Swim lesson


The aquatic staff at Powell Wellness Center dove in Thursday, June 20, to participate in the World’s Largest Swimming Lesson.  Held from noon to 1p, the facility was one of hundreds of locations in over twenty countries that participated in the event. Open to the public, over a dozen youth participated this year, some learning basic swimming skills they’ve never had the opportunity to learn.

Held for the first time in 2010, the goal of the WLSL event is to prevent drowning by teaching children and adults basic swimming skills.  The website, www.wlsl.org,  states that 278.000 children and adults have participated in the WLSL event since it began.  Organizing the event at the Wellness Center this year, Aquatic Director, Stacey Aucoin was hoping more participants showed up.  “This turned out well,” said Aucoin poolside during the event. “I hope next year will be even better,” she said.

Jennie Hinkamp attended this year, with her two boys, for the first time.  Two years ago, she helped with the event as a lifeguard at the Wellness Center.  “They are having fun,” she said as she watched one of her sons swim after his rubber duck that he threw out in front of him just moments earlier.  As a lifeguard, and a parent, Hinkamp understands the importance of swimming as a life saving skill and said it’s a vital skill to prevent drowning.  Both of her boys, ages seven and nine, are swimming for the Barracudas swim team in Culpeper this year.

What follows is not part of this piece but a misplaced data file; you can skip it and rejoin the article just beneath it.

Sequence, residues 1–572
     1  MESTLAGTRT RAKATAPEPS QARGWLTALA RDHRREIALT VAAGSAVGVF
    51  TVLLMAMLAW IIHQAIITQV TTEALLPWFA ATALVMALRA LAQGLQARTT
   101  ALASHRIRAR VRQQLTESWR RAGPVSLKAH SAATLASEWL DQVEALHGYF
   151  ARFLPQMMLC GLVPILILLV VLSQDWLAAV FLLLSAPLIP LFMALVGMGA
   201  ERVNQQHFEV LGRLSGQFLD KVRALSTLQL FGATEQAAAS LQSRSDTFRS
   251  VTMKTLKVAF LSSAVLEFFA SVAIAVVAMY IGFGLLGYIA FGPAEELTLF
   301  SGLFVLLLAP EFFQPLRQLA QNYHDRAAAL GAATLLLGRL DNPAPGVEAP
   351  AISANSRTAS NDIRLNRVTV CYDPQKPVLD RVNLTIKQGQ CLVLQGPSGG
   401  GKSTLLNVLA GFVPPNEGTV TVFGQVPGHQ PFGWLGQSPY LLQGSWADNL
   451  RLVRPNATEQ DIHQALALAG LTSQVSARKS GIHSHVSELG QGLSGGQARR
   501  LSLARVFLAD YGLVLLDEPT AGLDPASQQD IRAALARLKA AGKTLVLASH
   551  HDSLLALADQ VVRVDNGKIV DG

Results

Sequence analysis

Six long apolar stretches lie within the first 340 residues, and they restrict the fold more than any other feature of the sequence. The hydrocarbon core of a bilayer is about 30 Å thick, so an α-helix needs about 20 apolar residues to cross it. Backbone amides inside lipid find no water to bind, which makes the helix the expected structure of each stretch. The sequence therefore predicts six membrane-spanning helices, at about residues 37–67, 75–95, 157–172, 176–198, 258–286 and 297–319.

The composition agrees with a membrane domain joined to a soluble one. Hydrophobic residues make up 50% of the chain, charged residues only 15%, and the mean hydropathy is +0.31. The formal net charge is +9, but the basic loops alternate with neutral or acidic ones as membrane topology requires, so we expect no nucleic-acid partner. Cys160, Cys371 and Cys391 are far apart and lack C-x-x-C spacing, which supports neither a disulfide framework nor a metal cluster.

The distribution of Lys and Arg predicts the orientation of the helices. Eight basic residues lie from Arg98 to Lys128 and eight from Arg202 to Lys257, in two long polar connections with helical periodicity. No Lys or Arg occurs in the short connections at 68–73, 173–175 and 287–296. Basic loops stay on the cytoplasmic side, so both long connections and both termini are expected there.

During Thursday’s one-hour event, participants circulated through three different stations to focus on different aquatic skills.  In the lap lanes, swim instructor Spencer Buttenshaw, focused on basic swim skills. There was fun to be had in the river where participants chased rubber duckies and then propelled them through the current using water force instead of physical touch.  In an outer pool pocket Aucoin and swim instructor, Peggy Young, enforced water safety.  

Through a study in 2014, the American Red Cross, www.redcross.org, found that more than half (56 percent) of Americans can’t swim.  Their site also states that an average of ten people drown every day.   Aucoin is looking forward to drawing more people to Powell Wellness for the WLSL event next year, children and youth alike, to educate and equip more people in Culpeper.  


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